Commuting has become an increasingly important feature of modern life. Theories of public participation, such as the civic voluntarism model, claim that commuting is likely to reduce the time available for political activism. Based on data from an American context, Robert Putnam in Bowling Alone has concluded that this is exactly what happens. However, empirical studies based on European data on how commuting may affect political participation are rare. This article aims to address this question with regard to Swedish city-regions. Is there also a negative relationship between commuting and citizen participation in Sweden?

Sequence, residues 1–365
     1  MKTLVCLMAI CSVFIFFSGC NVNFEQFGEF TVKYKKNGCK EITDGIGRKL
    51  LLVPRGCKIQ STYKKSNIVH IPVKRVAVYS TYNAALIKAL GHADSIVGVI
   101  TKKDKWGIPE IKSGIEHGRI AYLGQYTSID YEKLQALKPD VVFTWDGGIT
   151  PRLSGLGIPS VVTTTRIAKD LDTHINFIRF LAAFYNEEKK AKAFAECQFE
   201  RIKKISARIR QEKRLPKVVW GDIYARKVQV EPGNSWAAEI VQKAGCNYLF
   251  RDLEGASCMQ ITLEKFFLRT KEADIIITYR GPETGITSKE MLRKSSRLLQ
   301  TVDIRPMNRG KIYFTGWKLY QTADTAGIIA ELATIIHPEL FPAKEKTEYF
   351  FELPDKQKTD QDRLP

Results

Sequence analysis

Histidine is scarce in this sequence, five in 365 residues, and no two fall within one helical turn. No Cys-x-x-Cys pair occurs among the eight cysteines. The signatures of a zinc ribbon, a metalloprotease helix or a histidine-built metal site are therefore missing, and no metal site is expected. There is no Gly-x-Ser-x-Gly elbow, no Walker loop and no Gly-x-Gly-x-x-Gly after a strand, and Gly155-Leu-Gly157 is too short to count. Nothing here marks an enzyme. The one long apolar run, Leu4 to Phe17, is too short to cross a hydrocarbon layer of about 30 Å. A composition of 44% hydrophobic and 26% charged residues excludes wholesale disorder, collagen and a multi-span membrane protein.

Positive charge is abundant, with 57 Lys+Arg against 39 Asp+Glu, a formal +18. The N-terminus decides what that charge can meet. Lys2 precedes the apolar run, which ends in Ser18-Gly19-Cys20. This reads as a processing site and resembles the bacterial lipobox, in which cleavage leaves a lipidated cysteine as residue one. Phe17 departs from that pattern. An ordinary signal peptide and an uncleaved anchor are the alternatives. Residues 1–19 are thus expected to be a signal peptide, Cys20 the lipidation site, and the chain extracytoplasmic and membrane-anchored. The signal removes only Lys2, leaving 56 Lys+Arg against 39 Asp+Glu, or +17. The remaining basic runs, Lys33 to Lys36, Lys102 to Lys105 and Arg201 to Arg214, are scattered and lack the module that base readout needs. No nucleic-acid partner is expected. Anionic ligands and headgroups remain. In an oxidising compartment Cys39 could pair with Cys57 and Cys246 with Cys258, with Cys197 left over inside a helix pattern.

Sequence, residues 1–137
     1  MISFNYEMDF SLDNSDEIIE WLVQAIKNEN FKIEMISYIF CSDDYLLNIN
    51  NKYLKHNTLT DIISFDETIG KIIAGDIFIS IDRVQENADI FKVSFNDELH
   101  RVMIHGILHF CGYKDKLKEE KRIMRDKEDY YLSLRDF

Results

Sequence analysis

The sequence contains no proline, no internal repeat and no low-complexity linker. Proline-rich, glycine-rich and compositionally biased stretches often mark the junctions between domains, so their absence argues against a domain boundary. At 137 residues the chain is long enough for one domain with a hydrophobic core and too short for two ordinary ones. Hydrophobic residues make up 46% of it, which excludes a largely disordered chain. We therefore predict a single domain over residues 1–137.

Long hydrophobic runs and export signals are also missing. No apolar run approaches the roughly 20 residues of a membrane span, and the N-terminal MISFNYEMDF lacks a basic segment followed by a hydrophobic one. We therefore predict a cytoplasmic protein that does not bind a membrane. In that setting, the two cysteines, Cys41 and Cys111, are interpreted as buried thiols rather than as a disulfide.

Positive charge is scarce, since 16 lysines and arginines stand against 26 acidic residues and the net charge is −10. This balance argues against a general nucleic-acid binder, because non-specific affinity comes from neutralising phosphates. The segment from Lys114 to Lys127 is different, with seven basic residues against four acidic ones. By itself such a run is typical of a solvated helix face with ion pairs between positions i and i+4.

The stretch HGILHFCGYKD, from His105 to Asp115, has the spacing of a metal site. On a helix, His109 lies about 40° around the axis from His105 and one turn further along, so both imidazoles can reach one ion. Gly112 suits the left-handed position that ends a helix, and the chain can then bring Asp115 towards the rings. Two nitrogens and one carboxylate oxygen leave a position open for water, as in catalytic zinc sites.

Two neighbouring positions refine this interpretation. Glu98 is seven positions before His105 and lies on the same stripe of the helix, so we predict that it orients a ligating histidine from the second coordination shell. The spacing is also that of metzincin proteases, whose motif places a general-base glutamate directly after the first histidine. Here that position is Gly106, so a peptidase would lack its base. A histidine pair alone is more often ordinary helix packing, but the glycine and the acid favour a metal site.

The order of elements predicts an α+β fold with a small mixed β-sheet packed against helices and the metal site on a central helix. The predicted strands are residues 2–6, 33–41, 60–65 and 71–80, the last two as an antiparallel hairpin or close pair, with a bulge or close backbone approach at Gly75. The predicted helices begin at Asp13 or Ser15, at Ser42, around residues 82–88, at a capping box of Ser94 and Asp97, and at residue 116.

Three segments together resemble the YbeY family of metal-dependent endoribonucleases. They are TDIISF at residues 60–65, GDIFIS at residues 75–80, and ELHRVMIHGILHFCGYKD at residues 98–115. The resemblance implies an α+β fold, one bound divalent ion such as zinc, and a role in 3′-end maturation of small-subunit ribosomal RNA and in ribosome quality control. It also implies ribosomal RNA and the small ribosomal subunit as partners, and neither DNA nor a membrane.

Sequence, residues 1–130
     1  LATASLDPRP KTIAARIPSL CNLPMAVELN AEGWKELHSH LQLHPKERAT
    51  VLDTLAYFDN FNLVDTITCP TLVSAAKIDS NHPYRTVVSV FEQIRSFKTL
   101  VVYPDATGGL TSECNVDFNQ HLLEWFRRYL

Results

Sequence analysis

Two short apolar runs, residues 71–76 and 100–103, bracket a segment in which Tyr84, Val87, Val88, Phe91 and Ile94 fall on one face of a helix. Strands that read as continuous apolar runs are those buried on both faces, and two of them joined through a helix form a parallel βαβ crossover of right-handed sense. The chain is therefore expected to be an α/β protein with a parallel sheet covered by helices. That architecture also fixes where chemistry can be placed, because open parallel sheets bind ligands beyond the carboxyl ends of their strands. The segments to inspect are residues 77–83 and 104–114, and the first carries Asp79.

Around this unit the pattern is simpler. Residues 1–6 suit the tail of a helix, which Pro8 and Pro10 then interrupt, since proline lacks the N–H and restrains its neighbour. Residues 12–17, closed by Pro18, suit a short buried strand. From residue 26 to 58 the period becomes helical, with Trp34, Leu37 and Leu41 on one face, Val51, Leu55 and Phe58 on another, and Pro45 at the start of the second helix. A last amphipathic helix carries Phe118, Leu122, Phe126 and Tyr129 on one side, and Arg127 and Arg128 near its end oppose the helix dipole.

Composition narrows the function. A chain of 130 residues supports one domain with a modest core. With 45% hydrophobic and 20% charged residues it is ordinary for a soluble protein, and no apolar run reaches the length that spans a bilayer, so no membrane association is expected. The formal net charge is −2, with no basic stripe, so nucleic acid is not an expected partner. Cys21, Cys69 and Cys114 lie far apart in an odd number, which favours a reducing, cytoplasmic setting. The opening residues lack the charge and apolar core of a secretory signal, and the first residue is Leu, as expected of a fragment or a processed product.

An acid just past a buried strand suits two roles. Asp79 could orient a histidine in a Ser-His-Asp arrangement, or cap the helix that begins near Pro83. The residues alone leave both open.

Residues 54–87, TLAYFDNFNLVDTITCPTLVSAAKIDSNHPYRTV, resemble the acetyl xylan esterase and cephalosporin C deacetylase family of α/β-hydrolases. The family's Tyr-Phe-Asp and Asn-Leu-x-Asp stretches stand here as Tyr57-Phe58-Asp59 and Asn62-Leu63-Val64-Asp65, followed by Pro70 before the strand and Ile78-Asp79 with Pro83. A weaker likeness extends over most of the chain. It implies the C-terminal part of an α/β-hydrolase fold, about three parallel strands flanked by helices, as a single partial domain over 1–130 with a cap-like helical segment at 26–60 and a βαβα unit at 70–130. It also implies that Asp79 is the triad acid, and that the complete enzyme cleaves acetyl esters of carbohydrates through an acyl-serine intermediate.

The analysis is based on survey data for 7,200 citizens from seven Swedish city-regions belonging to three different size categories. The relationship between commuting and several different forms of public participation is investigated, controlling for the variables suggested by the civic voluntarism model. The analysis indicates that there are no signs of a negative relationship and some aspects of participation are actually positively linked to commuting. These findings suggest that the civic voluntarism model needs to be revised, at least in a European context. The article ends with a discussion about how differences between Sweden and the US can be accounted for and what the more general consequences for democracy may be.